It’s 1982, and my dad’s excited about a game he has for us on the Apple 2. It’s on a floppy disk, back when they were actually floppy 8×8 squares. It’s called Oregon Trail, and it traces the journey of pioneers out west. Lots of decisions for my 9 year old self- what should I hunt? How do I keep my “family” safe in the game? Unfortunately, more often than not, this kind of thing happened in the game because of various choices I made:
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It wasn’t pretty, and it had its limits, but Oregon Trail was one of the first widely available video games in education for the average computer user. Now, Oregon Trail has been rebooted and is a favorite for kids and grownups alike. It’s still educational, and it has a loyal following. It’s an example of how learning can be fun and engaging, but now, it’s just one of thousands of examples available in the digital world.
Fortunately for educators and parents, the world of gaming in education has exploded with amazing apps and online programs that cater to every educational concept under the sun. Using video games in the classroom allows students to be active participants in their own learning. Everything from physics to reading and from geometry to world languages has a game to engage students, and help them learn and understand the content. The popular game Minecraft has just released a version for education-purposes only, and it’s showing that students are not only engaged, but invested in building and expanding on their virtual worlds. Education-based websites like Edutopia, Read, Write, Think, and Scholastic continue to tout the positive results of learning through games in the classroom.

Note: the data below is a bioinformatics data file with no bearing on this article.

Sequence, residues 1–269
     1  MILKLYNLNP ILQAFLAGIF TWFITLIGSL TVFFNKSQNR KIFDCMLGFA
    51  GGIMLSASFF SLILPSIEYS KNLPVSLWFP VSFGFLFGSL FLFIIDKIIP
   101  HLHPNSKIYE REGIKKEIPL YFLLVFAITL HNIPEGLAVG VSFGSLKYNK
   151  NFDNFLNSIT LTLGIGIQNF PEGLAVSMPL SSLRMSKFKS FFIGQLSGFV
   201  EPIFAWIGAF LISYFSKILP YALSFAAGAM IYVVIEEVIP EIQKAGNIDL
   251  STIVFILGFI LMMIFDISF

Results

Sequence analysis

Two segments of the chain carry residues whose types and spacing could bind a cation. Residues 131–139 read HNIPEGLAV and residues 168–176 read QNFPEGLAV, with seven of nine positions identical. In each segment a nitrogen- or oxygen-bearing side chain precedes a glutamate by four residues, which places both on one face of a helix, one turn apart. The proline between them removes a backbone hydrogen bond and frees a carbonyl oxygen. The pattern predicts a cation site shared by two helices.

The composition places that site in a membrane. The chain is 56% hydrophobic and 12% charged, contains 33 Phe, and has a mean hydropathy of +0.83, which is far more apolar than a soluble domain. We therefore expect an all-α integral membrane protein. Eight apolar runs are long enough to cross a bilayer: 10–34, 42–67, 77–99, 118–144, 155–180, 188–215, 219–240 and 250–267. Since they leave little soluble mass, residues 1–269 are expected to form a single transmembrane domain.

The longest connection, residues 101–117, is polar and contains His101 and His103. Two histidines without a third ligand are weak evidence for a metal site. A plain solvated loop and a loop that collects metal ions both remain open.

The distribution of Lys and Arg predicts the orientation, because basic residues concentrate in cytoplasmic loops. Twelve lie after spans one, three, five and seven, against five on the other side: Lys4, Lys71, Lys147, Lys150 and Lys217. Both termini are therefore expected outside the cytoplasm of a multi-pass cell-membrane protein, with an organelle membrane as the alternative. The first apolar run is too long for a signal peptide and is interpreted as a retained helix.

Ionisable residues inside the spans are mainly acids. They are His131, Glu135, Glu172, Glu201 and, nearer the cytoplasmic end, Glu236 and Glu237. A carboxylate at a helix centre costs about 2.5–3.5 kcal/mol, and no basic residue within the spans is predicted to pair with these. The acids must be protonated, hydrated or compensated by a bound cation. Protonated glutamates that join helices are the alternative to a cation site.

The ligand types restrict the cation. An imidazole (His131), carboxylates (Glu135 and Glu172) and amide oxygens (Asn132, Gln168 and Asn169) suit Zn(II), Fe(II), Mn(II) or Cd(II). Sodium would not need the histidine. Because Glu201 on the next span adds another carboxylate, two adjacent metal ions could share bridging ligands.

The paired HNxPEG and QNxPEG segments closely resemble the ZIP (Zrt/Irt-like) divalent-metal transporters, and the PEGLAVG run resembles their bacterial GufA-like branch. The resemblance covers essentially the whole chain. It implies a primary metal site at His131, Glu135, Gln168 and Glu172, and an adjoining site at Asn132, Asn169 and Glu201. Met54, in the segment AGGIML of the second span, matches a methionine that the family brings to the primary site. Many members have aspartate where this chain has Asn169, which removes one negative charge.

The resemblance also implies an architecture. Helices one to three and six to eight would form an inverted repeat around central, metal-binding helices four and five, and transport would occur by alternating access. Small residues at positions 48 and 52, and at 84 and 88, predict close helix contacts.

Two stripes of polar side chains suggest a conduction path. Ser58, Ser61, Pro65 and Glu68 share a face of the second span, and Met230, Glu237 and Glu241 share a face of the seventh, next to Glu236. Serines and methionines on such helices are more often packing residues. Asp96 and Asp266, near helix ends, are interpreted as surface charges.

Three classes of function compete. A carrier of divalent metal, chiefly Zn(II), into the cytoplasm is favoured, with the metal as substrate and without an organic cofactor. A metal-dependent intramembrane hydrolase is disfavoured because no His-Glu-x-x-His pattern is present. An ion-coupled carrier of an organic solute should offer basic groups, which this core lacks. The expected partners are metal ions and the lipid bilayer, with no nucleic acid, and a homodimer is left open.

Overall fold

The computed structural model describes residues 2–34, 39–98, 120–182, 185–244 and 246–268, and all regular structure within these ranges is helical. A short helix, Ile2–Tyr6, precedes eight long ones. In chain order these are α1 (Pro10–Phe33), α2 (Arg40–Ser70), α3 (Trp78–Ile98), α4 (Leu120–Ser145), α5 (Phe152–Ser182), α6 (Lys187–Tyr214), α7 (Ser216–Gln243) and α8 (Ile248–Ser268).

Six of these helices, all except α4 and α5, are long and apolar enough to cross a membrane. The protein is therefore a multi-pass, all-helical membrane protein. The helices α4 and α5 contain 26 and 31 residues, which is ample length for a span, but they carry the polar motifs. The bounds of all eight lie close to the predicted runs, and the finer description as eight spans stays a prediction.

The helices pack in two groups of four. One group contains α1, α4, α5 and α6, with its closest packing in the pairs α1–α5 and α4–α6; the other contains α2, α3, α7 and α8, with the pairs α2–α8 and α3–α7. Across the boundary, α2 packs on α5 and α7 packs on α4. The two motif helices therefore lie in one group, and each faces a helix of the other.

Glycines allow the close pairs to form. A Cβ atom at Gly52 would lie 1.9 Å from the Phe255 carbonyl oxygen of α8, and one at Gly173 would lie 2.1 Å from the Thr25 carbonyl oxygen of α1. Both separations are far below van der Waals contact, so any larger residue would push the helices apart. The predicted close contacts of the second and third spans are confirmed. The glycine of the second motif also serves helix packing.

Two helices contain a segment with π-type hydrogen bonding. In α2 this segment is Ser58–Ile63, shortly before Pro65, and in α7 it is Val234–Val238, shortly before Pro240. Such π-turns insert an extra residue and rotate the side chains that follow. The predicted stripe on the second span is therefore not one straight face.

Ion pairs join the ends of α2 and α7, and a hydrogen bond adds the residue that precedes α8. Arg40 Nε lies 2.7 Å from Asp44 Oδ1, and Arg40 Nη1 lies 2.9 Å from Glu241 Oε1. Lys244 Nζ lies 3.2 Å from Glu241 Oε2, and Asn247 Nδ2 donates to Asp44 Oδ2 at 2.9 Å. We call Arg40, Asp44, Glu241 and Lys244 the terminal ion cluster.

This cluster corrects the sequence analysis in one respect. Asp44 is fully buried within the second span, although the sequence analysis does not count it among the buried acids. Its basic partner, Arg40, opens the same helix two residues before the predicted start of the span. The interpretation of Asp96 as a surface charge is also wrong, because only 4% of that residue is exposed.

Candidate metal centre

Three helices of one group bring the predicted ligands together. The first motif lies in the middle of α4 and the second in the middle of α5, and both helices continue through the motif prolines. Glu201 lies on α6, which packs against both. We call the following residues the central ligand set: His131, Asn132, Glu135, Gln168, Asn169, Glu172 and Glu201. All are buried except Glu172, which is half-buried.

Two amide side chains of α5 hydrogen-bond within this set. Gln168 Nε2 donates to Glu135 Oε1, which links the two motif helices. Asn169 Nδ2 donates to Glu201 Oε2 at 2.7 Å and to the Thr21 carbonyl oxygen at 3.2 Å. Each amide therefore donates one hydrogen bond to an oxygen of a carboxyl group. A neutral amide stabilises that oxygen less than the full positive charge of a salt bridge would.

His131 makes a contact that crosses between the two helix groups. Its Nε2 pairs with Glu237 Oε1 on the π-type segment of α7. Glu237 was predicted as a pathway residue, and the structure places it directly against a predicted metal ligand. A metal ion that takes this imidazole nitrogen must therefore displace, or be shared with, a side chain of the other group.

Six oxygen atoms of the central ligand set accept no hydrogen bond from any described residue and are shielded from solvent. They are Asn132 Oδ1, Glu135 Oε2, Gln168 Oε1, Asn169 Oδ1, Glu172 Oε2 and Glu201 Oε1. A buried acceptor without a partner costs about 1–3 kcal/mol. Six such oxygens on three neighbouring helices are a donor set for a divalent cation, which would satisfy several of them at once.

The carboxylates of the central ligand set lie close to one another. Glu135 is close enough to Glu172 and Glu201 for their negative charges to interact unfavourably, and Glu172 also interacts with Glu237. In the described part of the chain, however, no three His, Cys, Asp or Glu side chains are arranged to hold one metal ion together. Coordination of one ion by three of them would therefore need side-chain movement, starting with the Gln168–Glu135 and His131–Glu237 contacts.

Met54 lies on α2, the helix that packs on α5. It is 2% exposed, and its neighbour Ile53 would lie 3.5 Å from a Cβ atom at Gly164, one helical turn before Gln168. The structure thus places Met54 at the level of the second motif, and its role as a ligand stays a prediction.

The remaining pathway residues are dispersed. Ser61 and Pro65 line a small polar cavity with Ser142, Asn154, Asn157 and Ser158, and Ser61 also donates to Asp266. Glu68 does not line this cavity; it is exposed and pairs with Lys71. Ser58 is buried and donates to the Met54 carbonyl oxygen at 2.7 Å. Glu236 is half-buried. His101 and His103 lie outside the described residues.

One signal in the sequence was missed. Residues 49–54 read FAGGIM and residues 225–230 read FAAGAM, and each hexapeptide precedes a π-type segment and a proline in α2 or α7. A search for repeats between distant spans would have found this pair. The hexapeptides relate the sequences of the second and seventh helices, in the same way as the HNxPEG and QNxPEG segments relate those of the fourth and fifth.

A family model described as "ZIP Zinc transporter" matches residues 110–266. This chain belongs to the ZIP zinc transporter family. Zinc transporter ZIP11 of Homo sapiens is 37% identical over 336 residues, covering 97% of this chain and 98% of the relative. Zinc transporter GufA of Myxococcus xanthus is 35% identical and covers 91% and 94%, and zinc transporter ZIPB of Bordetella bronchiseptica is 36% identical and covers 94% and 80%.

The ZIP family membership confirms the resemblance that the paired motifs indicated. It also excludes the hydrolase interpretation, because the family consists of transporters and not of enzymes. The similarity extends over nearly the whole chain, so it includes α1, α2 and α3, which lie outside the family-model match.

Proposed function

There’s still some push backabout gaming in education: concerns over excessive screen time, elimination of teacher-student interaction time, and replacement of interpersonal relationship building with other students. However, by and large, games in the classroomare playing a very active role in student learning, and an expanding number of teachers are able to see the benefits of not only exposing students to existing content-driven games, but the development of their own games to reinforce student learning.
Here are some great additional resources
- Capterra lists top websites for educational gaming
- FunBrain (K-8)
- Arcademics (arcade gaming with an educational focus)
Interested in the research around gaming in education? Want to know why your students are nuts about Minecraft? Want to learn more about how you can incorporate gaming in your instruction? Enroll in Learners Edge Course 803: Gaming in the Classroom: Level Up with Digital Natives and explore how you can incorporate gaming in your classroom to allow your students to achieve new levels, and acquire new skills and knowledge.